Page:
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42, 130, 151, 152, 154, 160, 182, 198, 203, 232, 243, 245, 251, 255, 258-62.) This, of course, is the source of the widest range of information about Pocahontas, and the source of the full description of Smith's captivity and subsequent rescue by her. 13.) The first image of the rescue here in the book that, as we have seen, contains the first full description of it, if not the first public mention. [engraving] [View Images: engraving] Thomas Rolfe, Pocahontas's son, comes to Virginia. 105, who says the application to Virginia authorities is in the Library of Congress. Chapel Hill: U of North Carolina P, 1986.) In this brief laudatory poem, Pocahontas is mentioned with other women who did service for Smith. Rasmussen and Tilton point out the burning in the background as rationale for the abduction pictured in the foreground and middle image. Captain Argall conspired with the Indians to trick Pocahontas into captivity. [engraving] [View Images: engraving] [The capture of Pocahontas] was a premier, richly illustrated multi-volume collection on voyages and travel and contains three images from the Pocahontas story. 432.) Perhaps to establish his credentials for command, Smith responds to the 1622 massacre of colonists in Jamestown with a vigorous assertion of his proven ability to handle the Indians, and he affirms Pocahontas as "the meanes to deliuer me [and who] thereby taught me to know their trecheries to preserue the rest." This slim sentence (in the 1622 edition but not in the 1620) seems to be the first verifiably public reference by Smith to the fabled rescue from captivity.
In addition, references to Pocahontas include: her name in an Indian language example (the one listed above from Smith's ), supplying food to stave off starvation, reviving spirits with her love, making amends for injuries, negotiating for prisoners, entertaining Smith with the "maske," traveling through the "irksome woods" to save Smith from a murder plot, saving Richard Wyffin and Henry Spilman, falling captive herself, marrying Rolfe, visiting England, reunion with Smith, and death. This first depiction of the rescue, say Rasmussen and Tilton, with elements based on earlier representations of Virginia Indians, is not itself totally original, and, in turn, it stands at the head of a long line of such images, as the image gallery in the archive attests. : "She goe in, if she came forth: the blessed Pocahontas (as the Historian calls her And great Kings daughter of Virginia) Hath bin in womb of a tavern." [play] [Electronic Version] Purchas, Samuel. The reason is to visit Cleopatra, his mother's sister -- the first we hear of this name.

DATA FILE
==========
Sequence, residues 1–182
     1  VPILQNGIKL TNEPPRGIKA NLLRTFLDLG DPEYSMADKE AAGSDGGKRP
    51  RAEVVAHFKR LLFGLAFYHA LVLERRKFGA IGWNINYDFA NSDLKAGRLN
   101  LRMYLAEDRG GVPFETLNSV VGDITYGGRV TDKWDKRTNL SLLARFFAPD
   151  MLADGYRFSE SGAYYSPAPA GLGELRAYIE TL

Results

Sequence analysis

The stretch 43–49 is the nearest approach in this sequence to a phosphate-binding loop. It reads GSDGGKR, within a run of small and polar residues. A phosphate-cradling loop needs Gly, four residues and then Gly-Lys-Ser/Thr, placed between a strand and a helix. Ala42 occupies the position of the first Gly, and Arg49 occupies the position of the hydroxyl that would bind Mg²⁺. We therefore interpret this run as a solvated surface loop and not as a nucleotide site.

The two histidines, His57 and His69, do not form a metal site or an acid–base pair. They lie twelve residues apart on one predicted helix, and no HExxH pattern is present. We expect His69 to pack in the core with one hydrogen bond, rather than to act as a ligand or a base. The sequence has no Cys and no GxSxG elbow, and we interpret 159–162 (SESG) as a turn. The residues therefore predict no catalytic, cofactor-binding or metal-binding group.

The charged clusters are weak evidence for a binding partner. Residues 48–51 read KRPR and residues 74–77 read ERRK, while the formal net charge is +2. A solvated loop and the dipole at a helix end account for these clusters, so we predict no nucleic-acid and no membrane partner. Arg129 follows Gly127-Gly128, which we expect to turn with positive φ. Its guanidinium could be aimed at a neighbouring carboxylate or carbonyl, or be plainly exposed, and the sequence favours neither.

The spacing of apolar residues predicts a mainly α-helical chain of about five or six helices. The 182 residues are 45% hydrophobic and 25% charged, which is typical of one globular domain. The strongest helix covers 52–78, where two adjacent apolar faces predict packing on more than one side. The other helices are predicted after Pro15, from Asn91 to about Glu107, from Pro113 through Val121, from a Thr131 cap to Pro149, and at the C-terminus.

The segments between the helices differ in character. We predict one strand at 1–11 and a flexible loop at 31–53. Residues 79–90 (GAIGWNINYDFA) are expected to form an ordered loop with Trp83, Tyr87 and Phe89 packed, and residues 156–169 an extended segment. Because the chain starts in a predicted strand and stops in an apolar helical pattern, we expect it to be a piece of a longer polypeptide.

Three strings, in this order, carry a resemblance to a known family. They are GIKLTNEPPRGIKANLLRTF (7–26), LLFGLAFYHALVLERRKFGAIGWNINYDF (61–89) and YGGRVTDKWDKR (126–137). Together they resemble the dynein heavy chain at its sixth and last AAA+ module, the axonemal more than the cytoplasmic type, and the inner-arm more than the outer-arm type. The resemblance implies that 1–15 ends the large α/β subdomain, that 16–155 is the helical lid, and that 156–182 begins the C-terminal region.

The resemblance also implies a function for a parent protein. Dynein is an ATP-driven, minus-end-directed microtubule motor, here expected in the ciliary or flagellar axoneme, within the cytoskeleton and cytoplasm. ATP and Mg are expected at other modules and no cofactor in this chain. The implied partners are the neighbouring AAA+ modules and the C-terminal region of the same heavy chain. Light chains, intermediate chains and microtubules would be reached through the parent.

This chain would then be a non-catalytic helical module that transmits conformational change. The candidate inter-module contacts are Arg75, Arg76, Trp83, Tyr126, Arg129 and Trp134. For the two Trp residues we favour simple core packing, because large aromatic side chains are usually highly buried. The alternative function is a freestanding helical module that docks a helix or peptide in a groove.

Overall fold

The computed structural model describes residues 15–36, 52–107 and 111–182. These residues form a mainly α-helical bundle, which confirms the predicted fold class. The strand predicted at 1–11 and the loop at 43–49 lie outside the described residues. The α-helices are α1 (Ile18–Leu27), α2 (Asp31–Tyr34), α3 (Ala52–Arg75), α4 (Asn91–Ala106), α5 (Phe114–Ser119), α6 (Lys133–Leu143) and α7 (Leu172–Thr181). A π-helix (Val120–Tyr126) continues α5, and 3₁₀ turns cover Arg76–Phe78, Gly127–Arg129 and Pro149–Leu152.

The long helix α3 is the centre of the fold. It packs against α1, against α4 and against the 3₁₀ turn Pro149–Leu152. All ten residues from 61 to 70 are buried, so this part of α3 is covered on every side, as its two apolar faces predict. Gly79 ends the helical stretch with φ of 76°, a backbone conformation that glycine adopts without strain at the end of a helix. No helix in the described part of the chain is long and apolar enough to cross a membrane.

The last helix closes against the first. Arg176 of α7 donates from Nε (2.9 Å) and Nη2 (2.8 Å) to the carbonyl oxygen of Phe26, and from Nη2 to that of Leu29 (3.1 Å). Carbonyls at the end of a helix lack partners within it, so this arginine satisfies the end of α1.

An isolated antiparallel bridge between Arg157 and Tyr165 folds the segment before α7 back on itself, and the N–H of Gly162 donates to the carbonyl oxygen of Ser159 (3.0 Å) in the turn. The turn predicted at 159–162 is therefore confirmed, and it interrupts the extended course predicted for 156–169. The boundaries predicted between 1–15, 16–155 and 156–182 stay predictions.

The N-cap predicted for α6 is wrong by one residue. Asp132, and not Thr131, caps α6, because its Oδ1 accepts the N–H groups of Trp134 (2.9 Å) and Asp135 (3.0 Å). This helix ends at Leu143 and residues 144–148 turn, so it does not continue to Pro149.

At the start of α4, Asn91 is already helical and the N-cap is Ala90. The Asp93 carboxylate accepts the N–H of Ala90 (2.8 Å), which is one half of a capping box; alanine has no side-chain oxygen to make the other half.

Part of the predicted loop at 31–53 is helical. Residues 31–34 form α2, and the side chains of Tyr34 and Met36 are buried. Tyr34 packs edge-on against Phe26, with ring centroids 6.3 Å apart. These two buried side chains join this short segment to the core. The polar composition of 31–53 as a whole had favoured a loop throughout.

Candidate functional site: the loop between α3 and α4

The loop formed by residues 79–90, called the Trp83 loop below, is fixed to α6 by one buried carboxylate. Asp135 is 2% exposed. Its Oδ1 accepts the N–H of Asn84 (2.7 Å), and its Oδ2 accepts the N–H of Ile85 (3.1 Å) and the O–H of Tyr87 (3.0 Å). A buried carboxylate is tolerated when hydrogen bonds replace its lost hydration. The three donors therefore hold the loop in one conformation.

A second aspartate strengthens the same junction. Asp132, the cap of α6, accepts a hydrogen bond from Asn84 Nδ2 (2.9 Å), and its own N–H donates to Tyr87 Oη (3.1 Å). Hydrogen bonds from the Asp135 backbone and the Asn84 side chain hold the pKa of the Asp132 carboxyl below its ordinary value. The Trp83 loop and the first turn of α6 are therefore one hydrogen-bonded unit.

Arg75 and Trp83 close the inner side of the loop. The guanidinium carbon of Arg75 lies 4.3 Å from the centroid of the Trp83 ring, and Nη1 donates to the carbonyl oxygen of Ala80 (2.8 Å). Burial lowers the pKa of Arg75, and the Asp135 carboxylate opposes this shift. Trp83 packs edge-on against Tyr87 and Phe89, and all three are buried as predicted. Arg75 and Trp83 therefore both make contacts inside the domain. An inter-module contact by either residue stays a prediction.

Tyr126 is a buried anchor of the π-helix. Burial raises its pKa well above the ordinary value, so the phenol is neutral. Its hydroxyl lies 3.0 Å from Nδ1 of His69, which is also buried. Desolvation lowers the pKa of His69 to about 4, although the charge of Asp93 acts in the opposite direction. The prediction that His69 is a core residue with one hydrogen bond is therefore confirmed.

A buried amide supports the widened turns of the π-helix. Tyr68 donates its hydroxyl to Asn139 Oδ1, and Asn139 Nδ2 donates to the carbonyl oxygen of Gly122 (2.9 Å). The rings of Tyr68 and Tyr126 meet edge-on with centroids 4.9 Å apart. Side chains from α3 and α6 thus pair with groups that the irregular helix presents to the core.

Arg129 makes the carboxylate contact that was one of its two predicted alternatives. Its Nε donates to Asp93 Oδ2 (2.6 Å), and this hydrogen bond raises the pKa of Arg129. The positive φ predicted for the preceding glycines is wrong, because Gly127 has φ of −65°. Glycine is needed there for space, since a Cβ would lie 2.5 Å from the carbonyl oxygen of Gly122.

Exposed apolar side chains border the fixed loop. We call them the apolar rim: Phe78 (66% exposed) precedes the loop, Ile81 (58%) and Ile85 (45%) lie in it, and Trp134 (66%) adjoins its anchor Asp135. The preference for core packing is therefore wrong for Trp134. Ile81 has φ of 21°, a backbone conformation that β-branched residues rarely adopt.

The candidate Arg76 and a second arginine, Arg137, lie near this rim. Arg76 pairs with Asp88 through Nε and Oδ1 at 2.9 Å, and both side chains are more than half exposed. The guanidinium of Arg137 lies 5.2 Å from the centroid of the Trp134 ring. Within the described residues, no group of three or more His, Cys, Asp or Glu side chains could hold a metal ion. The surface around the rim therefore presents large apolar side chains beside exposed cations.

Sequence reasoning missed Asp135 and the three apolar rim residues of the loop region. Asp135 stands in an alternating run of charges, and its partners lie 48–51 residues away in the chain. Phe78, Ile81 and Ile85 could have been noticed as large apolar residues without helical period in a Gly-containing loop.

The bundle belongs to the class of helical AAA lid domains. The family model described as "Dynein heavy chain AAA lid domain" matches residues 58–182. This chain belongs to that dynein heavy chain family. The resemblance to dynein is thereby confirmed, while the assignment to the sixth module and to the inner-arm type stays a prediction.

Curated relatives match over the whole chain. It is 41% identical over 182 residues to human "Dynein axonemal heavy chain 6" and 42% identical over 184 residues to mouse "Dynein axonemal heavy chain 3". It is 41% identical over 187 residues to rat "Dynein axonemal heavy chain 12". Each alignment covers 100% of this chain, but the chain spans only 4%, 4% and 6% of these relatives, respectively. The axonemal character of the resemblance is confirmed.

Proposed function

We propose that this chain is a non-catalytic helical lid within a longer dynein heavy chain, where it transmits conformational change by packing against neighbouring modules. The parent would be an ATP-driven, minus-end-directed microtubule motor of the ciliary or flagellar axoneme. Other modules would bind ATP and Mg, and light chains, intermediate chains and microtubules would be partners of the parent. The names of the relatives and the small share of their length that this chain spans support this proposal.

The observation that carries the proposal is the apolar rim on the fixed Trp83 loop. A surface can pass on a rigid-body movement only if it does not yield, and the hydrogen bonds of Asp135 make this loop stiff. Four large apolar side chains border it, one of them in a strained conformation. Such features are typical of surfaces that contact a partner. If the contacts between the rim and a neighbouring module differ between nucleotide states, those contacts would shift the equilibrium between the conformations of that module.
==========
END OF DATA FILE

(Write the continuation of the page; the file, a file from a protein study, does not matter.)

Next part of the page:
Philadelphia: American Philosophical Society, 1939.
The second Chamberlain letter, this one June 22, 1616, mentioning Governor Dale's arrival in London with the "most remarquable" Pocahontas.
Philadelphia: American Philosophical Society, 1939. First of five letters by Chamberlain mentioning Pocahontas. In this first version there is only mention that "They carryed [Smith] prisoner to Powhatan, and there beganne the English acquaintance with the savage Emperour" -- the fourth published account without mention of a rescue by Pocahontas.
Letter of August 1, 1613, by Virginia Company shareholder Chamberlain in England to eminent diplomat Carleton advising of news of Pocahontas's capture and the promise of gold among the terms of ransom. His account of Virginia and the pertinent Pocahontas episodes grows over the subsequent editions of his work.